Lobster, farmed Atlantic salmon, shrimp and snow crab were the country's principal exports in 2006. Quantities of exports were higher for all four species and their combined export values reached $2.4 billion, just over half of the total exports covering all species. Lobster exports were valued at over $1 billion, followed by Atlantic salmon ($512 million), shrimp ($456 million) and snow crab ($426 million). The average price for lobster and Atlantic salmon exports increased between 2005 and 2006, while the period saw lower average prices for shrimp and snow crab exports. Other major exports for the year included herring, scallops and hake.

In 2006, British Columbia was the largest exporting province at $987 million, with its top-valued products - farmed Atlantic salmon, herring and hake - accounting for $433 million. Nova Scotia was the second largest exporting province at $974 million, with its top-valued products -lobster, shrimp and scallops accounting for $589 million. Newfoundland ranked third, with exports worth $798.2 - shrimp, snow crab and mackerel being its highest-selling products. New Brunswick ranked fourth at $795 million, Quebec ranked fifth at $203 million, and Prince Edward Island came in sixth at $194 million.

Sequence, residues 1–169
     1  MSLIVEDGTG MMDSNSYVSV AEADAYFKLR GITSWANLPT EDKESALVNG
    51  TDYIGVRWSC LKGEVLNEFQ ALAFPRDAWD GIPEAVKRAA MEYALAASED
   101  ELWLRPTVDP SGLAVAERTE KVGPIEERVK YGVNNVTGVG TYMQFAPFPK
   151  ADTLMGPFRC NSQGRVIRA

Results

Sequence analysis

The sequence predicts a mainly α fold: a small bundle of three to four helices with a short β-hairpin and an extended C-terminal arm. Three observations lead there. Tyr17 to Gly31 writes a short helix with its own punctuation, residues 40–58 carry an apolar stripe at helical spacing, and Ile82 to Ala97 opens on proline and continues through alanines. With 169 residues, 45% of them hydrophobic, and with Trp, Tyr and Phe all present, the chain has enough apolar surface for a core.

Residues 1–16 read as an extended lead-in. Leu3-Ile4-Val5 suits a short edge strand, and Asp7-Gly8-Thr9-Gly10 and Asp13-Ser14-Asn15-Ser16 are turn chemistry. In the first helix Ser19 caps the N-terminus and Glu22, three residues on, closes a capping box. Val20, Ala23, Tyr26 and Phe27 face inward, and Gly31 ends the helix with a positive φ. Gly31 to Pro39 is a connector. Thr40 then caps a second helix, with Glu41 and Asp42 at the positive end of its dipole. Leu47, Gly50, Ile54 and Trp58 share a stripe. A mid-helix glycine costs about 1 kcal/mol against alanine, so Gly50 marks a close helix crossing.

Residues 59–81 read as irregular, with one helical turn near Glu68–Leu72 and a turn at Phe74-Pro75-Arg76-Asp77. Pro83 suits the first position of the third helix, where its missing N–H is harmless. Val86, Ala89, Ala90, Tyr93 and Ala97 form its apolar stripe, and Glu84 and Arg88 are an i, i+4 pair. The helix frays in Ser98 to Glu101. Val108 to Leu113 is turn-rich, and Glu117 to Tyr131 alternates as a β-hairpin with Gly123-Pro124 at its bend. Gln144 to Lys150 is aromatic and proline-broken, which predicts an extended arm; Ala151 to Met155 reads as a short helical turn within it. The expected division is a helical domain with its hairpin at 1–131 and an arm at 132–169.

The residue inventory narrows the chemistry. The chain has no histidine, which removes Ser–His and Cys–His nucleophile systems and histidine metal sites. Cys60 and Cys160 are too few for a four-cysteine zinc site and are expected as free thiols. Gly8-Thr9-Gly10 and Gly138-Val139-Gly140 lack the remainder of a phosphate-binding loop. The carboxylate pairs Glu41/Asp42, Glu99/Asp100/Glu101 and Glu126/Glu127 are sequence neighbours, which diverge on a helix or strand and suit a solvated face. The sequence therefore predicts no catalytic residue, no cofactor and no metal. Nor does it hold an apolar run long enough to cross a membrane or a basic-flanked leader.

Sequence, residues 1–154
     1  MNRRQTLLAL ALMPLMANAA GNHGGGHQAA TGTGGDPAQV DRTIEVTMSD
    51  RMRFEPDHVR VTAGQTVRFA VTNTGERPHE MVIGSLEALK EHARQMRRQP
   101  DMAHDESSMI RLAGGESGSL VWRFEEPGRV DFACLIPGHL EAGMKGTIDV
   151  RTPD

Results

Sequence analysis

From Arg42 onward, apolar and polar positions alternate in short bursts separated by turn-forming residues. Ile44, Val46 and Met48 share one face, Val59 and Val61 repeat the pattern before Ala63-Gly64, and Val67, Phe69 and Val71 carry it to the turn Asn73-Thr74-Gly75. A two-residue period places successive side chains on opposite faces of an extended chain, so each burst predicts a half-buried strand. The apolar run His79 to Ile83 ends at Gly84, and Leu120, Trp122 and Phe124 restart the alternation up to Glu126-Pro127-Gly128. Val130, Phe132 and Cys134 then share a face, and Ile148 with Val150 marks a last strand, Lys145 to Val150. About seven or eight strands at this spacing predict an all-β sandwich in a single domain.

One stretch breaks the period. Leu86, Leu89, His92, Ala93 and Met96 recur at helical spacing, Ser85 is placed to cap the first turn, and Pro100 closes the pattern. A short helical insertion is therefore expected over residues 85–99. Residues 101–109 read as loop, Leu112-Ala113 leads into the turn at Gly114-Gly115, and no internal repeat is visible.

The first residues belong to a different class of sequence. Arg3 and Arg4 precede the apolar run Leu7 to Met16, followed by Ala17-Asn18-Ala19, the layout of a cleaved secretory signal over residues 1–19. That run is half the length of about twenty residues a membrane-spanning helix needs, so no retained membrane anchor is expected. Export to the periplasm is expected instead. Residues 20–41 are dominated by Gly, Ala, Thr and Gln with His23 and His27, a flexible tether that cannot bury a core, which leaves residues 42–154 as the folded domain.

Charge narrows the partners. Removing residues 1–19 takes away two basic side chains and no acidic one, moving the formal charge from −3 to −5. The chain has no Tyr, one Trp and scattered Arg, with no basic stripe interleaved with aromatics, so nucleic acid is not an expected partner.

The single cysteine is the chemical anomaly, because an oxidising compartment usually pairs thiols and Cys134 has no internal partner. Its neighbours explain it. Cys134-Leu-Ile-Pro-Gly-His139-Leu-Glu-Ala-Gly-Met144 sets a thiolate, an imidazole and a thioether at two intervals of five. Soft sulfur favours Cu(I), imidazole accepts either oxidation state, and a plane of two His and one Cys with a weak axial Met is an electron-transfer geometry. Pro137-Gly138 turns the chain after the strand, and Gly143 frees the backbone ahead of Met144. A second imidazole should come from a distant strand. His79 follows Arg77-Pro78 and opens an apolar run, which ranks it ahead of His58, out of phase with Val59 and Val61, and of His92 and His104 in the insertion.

These international trade figures were released in advance of the International Boston Seafood Show, which is taking place March 11-13, 2007. Recognized as the number one seafood venue for buyers and sellers in North America, the show attracts thousands of industry professionals from around the world.

"The International Boston Seafood Show provides an excellent market to promote our high-quality fish and seafood to an international audience," said Minister Hearn.

For further information on Canada's seafood export statistics, refer to Fisheries and Oceans' Statistical Services website.



Canada's fishing industries continued to perform well in 2006, with exports of fish and seafood products, including farmed products, totalling $4.1 billion.

The six largest Canadian exporting provinces of fish and seafood in 2006 were British Columbia, Nova Scotia, Newfoundland and Labrador, New Brunswick, Quebec, and Prince Edward Island.


- Canada's top exporter of fish and seafood products in 2006 with a value of $987 million.

- Exported 187,104 tonnes (t) of fish and seafood in 2006.

- The three most important species in terms of value were farmed Atlantic salmon (53,126 t valued at $315.3 million), herring (7,389 t valued at $61.4 million), and hake (35,552 t valued at $56.1 million).